You can start by contacting your member of Congress and asking about their position on the AMA's recent resolution.

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Photo by Danielle MacInnes on Unsplash

There's a difference between dieting and being healthy, and often times, overattention to what you consume can lead to disordered eating. Eating disorders are dangerous and can affect anyone, but they're especially concerning in adolescents. Which is why WW (formerly Weight Watchers) is facing intense criticism for its new app, Kurbo, targeted toward kids ages eight to 17.

The app uses a traffic light system to tell kids which foods are a "green light" and can be eaten as much as they want, which foods are a "yellow light" and should be consumed with caution, and which "red light" foods they should probably avoid.

It seems like a simple system to teach kids what's good for them and what's not, but it regulates kids' diets in an unhealthy way. Gaining weight is a normal, healthy part of child development. Putting on a few pounds means your body is doing what it's supposed to do. While the app classifies foods with too much fat or calories as "red," children need to consume some of these foods to develop their brain.

WW is calling the app "common sense." As Gary Foster, the chief science officer of WW, puts it, items in the red foods category "aren't foods that should be encouraged in kids' diets, but they also shouldn't be vilified or demonized, and there has to be a system that's simple and science-based that highlights that so everyone in the family can understand."

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via Ostdrossel / Instagram

Lisa is a lifelong bird enthusiast who goes by the name Ostdrossel on social media. A few years ago, the Germany native moved to Michigan and was fascinated by the new birds she encountered.

Upon arriving in the winter, she fell in love with the goldfinches, cardinals, and Blue Jays. Then in the spring, she was taken by the hummingbirds.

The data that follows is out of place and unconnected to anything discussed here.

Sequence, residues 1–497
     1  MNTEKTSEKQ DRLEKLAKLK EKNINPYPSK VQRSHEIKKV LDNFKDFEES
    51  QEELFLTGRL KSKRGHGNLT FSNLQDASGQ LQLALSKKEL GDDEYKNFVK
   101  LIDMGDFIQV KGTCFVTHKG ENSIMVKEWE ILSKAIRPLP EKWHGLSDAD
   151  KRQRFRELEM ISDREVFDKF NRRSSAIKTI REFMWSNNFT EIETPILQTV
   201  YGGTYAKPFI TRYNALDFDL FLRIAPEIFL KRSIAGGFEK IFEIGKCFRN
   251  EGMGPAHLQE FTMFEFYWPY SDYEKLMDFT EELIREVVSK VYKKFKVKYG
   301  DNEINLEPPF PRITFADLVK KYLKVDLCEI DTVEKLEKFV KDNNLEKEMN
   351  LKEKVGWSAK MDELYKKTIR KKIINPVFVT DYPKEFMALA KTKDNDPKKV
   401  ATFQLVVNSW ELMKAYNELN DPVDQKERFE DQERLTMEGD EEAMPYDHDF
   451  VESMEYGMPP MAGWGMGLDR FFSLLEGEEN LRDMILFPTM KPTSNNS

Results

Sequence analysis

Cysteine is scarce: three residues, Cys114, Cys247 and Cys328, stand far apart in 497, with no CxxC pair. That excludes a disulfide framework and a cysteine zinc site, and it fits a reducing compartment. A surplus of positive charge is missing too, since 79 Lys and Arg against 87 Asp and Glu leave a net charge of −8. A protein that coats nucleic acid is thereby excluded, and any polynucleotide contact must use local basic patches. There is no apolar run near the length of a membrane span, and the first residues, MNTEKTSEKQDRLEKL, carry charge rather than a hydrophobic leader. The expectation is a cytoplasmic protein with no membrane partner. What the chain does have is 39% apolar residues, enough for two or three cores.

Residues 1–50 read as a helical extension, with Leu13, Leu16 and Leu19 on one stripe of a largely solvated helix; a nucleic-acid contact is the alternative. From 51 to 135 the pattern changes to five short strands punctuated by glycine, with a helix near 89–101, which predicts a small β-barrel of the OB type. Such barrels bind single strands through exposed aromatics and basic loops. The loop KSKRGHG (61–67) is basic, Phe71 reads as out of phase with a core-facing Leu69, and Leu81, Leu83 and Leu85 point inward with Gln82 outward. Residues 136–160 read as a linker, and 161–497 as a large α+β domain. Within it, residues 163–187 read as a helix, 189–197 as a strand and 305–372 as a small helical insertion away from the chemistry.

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via Stratford Festival / Twitter

Service dogs are invaluable to their owners because they are able to help in so many different ways.

They're trained to retrieve dropped Items, open and close doors, help their owners remove their clothes, transport medications, navigate busy areas such as airports, provide visual assistance, and even give psychological help.

The service dog trainers at K-9 Country Inn Working Service Dogs in Canada want those who require service dogs to live the fullest life possible, so they're training dogs on how to attend a theatrical performance.

The adorable photos of the dogs made their way to social media where they quickly went viral.

On August 15, a dozen dogs from Golden Retrievers to poodles, were treated to a performance of "Billy Elliott" at the Stratford Festival in Ontario, Canada. This was a special "relaxed performance" featuring quieter sound effects and lighting, designed for those with sensory issues.

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"It's important to prepare the dogs for any activity the handler may like to attend," Laura Mackenzie, owner and head trainer at K-9 Country Inn Working Service Dogs, told CBC.

"The theater gives us the opportunity to expose the dogs to different stimuli such as lights, loud noises, and movement of varying degrees," she continued. "The dogs must remain relaxed in tight quarters for an extended period of time."

The dogs got to enjoy the show from their own seats and took a break with everyone else during intermission. They were able to familiarize themselves with the theater experience so they know how to navigate through crowds and fit into tight bathroom stalls.

via Stratford Festival / Twitter


via Stratford Festival / Twitter


via Stratford Festival / Twitter

"About a dozen dogs came to our relaxed performance, and they were all extremely well-behaved," says Stratford Festival spokesperson Ann Swerdfager. "I was in the lobby when they came in, then they took their seats, then got out of their seats at intermission and went back — all of the things we learn as humans when we start going to the theater."

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The dogs' great performance at the trial run means that people who require service animals can have the freedom to enjoy special experiences like going to the theater.

"It's wonderful that going to the theater is considered one of the things that you want to train a service dog for, rather than thinking that theater is out of reach for people who require a service animal, because it isn't," Swerdfager said.

The Stratford Festival runs through Nov. 10 and features productions of "The Merry Wives of Windsor," "The Neverending Story," "Othello," "Billy Elliot," "Little Shop of Horrors," "The Crucible" and more.